Wednesday 11 June 2008

42 Days Detention is Another Line in the Sand

Finding time to blog regularly has been a real problem recently simply because of too many commitments and not enough time. Casework and community campaigns in my constituency are just overwhelming at present particularly as the housing crisis worsens and deportations are mounting. We are dealing with many people in some pretty desperate situations.

At the same time trying to cover all the bases on the legislation the Government is forcing through is stretching all of us.

Tonight, sorry, last night the Government guillotined the debate on the Counter Terrorism Bill so that we could only debate less than a third of the issues contained in the section of the Bill timetabled for discussion. The areas we were allowed to discuss included the continuance and tightening of control orders and the power of the Government to scrap juries in coroners' inquests when dealing with cases where the Government itself decides there is an issue of public security.

This means that where a person has died when in the hands of the state or is killed by the state the Government now has the power to have the inquest held in secret and the verdict decided not by a jury but by a special coroner appointed by the Government. The campaigning organisation INQUEST rightfully argued that this proposal undermines the independence of the coroners' system and will deny families access to a fair hearing to discover how their loved one has died. Can you imagine what the outcome of the Menezes case or any death in custody case would be if this provision was in place?

Tomorrow, sorry, today we move on to the Government's proposal for detention without charge for 42 days. I will vote against this further attack on civil liberties because there has been not a single piece of evidence produced to justify such a fundamental attack on the right of habeas corpus secured eight centuries ago in this country. I hope that we will be able to convince enough Labour MPs to reject this assault on human rights. I have been working with Liberty and Frank Dobson as chair of the Liberty group in Parliament.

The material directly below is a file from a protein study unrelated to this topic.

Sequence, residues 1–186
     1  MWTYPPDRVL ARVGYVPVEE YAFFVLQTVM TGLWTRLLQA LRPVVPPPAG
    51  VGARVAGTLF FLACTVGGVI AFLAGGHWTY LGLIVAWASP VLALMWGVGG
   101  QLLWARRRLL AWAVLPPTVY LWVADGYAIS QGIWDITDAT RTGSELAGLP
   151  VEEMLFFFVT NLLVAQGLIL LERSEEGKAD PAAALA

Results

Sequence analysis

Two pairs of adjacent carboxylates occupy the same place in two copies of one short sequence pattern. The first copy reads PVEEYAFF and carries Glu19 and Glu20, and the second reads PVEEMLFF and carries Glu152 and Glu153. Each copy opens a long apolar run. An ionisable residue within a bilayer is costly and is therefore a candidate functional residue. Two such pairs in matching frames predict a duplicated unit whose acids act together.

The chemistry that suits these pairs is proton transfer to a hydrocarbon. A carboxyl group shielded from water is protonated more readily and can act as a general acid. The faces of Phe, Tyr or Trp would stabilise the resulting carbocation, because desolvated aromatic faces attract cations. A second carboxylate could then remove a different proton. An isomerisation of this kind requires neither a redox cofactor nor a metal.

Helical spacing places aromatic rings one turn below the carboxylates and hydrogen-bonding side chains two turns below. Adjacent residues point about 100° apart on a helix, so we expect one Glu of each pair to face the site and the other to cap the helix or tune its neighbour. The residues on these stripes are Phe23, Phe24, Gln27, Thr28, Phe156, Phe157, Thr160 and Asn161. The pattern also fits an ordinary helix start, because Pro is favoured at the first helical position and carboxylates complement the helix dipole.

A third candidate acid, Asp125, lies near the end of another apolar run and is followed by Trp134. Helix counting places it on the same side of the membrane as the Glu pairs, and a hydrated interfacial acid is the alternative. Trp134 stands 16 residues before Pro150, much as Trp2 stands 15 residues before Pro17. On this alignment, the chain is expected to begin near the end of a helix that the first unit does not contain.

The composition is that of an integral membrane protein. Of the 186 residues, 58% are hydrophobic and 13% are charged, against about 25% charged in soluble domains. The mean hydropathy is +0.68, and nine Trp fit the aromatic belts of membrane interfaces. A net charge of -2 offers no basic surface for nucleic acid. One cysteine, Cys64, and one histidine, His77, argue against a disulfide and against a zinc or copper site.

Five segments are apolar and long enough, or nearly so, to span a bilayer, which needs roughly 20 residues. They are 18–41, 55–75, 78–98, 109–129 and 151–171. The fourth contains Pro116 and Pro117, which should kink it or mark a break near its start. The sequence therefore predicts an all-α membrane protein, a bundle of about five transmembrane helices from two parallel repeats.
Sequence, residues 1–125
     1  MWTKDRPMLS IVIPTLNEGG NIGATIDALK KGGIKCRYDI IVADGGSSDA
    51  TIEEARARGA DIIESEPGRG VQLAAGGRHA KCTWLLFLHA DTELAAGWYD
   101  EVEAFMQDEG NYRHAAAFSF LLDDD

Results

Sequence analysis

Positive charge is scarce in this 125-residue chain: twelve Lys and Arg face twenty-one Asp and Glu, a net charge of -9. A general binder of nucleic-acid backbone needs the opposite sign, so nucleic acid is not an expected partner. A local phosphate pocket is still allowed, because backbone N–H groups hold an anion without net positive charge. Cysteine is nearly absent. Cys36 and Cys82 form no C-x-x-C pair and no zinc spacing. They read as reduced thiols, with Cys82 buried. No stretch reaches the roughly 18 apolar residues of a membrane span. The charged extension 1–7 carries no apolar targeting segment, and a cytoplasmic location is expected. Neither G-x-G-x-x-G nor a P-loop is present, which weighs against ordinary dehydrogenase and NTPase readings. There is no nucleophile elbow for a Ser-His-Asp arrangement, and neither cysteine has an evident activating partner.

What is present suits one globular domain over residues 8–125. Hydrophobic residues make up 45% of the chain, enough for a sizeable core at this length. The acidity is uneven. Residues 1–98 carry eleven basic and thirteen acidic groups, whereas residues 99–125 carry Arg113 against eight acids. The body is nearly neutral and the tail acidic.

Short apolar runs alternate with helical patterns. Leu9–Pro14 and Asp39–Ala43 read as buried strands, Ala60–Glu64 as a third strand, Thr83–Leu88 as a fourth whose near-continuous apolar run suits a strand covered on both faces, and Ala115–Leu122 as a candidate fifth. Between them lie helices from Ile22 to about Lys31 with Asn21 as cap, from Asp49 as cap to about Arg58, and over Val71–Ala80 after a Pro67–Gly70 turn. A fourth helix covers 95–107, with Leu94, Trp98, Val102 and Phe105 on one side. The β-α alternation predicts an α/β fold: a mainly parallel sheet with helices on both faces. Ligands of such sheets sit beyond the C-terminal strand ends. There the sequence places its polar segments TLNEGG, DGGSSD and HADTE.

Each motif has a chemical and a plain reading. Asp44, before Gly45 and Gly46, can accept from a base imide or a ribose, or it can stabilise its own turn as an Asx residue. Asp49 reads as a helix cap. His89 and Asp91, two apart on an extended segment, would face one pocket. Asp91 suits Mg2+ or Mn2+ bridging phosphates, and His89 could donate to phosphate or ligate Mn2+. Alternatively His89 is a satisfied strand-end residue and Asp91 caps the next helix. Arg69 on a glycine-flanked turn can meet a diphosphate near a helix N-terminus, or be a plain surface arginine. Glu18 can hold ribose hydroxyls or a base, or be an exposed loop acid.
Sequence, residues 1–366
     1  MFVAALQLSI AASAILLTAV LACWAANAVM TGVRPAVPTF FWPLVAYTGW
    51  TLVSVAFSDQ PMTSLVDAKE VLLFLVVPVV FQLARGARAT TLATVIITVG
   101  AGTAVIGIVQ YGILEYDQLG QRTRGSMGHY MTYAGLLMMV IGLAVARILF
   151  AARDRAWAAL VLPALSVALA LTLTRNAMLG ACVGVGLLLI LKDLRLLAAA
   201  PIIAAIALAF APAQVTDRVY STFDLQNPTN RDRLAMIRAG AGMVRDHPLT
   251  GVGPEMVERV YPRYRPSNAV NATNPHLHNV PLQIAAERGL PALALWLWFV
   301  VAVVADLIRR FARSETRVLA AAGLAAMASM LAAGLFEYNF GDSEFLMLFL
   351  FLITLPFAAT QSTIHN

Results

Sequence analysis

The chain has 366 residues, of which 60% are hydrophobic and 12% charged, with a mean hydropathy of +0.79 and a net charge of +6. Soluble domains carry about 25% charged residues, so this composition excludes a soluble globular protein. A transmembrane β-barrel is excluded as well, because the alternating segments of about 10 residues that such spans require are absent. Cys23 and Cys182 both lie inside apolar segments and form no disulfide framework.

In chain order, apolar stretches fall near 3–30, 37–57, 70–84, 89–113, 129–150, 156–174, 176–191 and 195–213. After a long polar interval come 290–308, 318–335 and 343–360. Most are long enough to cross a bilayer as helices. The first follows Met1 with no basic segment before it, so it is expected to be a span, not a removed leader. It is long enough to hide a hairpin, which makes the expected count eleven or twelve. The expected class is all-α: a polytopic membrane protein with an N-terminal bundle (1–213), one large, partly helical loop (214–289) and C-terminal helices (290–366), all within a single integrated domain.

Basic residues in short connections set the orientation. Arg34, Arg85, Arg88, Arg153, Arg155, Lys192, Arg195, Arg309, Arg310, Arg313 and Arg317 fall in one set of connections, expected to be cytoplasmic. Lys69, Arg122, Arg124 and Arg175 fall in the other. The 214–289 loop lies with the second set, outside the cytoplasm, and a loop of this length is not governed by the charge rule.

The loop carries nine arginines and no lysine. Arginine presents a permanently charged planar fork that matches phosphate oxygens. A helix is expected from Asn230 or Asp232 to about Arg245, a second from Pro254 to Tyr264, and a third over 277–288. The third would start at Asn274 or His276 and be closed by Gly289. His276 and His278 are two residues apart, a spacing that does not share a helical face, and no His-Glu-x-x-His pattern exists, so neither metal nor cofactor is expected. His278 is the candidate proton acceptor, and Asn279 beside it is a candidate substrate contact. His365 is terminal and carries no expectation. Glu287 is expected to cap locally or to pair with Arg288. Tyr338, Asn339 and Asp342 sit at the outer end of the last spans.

Throughout the last few days Gordon Brown has contacted Labour MPs and offered all sorts of blandishments and political bribes in return for their votes for 42 days. I am pleased that so many have stood firm on principle and have rejected this combination of threats, grovelling pleas for support and outright political bribery. However we heard today reported in the media that those MPs representing the Compass group are supporting the Government on 42 days. This will undermine the vote opposing 42 days. Ominously they voted for the Government throughout last night on the proposals to to scrap coroners' juries and on toughening control orders.

If this does happen it destroys in my view any vestige of credibility those associated with Compass may claim to have to be part of the Left or part of any project to reclaim the Labour party as a progressive force. Compass may publish policy statements decrying the Government's policies but these are not worth the paper they are expensively published on when Compass MPs go on to vote through policies like this which fly in the face of all socialists should stand for.

I was scheduled to speak at the Compass conference on Saturday at the LRC/Briefing break out session. I will not do so now. I do not want to be associated with those that are willing to support undermining the basic human rights that socialists have fought and sacrificed themselves to secure and protect over generations. There are some lines in the sand you just do not cross. Undermining basic civil liberties by locking people up for long periods without charge is one of them.